AQA AS Biology

Revision Notes

4.2.6 Nucleic Acid & Amino Acid Sequence Comparison

Relating Nucleic Acid & Amino Acid Sequences

  • A triplet is a sequence of three DNA bases that codes for a specific amino acid
  • A codon is a sequence of three mRNA bases that codes for a specific amino acid
  • A codon is transcribed from the triplet and is complementary to it
  • An anticodon is a sequence of three tRNA bases that are complementary to a codon
  • When comparing the genetic code to amino acid sequences, mRNA codons are often used
  • The four bases found in RNA molecules (adenine, uracil, cytosine and guanine) have the ability to form 64 different codons
  • The genetic code is degenerate
    • Multiple mRNA codons can encode the same amino acid
    • This means that a change in the genetic code doesn’t necessarily result in a change in the amino acid sequence
    • UGU and UGC both code for the amino acid cysteine
  • Some send important signals to the transcription machinery
    • The START codon initiates the process of transcription and ensure it starts in the right location (this is always the amino acid methionine in eukaryotic cells, coded for by the codon AUG)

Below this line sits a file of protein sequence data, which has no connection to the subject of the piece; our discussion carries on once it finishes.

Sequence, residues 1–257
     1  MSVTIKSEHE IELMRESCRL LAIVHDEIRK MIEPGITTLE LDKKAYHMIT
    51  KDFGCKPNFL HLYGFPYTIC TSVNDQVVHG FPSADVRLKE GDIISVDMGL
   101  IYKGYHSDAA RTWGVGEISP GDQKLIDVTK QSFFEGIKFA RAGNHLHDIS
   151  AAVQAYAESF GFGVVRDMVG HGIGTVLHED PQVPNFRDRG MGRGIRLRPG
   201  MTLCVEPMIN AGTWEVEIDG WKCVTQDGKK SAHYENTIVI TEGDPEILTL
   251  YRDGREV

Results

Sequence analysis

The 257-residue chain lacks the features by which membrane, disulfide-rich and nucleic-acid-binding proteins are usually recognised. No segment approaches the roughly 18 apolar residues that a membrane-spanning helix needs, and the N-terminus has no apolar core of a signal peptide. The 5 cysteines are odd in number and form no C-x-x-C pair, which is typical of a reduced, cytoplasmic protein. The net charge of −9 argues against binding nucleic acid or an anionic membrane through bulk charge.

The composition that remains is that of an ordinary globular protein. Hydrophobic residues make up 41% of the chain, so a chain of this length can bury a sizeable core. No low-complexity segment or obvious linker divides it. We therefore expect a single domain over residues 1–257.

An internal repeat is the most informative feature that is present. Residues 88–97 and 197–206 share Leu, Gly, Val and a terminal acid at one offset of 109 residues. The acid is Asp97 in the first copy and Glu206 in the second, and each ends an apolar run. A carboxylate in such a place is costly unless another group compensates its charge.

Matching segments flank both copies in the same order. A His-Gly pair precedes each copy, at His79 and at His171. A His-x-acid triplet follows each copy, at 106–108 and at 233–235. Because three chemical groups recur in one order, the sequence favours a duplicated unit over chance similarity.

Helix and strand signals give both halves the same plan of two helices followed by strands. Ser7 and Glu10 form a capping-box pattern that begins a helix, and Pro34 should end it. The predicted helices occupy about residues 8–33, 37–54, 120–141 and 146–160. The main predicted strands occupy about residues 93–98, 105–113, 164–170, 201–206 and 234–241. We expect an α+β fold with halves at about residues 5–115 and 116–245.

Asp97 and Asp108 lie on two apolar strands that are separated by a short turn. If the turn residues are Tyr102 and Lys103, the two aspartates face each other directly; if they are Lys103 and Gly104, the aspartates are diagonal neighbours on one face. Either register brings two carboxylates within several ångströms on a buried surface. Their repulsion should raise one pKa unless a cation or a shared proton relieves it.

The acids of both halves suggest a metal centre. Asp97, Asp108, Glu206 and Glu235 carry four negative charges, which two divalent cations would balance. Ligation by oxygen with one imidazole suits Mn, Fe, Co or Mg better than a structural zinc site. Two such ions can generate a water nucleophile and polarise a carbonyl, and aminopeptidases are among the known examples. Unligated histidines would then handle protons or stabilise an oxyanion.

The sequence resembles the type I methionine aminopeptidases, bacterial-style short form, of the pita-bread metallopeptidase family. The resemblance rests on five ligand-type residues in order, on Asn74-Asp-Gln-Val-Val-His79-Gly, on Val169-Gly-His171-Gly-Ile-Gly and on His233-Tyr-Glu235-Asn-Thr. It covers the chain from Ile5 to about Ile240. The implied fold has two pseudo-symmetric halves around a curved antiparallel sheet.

• STOP codons cause transcription to terminate and do not code for an amino acid e.g. UAA
  • The genetic code is non-overlapping
    • Each base is only read once in the codon it is part of
  • The number of amino acids in a protein can be calculated using the number of coding nucleotides in the mRNA molecule and vice versa:
    • When given the number of coding mRNA nucleotides, divide by 3 and minus one (for the stop codon – it is best to state this in your answer too)
    • When given the number of amino acids, multiply by 3 and add three (for the stop codon)

mRNA Codons and Amino Acids Table

mRNA Codons and Amino Acids Table, downloadable AS & A Level Biology revision notes

Exam Tip

In the exam, you may be asked to predict the effect of specific mutations in the genetic code. Remember that the genetic code is degenerate and non-overlapping! Also if stop and start codons are inserted into a coding sequence they can have major effects.

You will not be required to memorise specific codons and the amino acids for which they code.

Author: Lára

Lára graduated from Oxford University in Biological Sciences and has now been a science tutor working in the UK for several years. Lára has a particular interest in the area of infectious disease and epidemiology, and enjoys creating original educational materials that develop confidence and facilitate learning.
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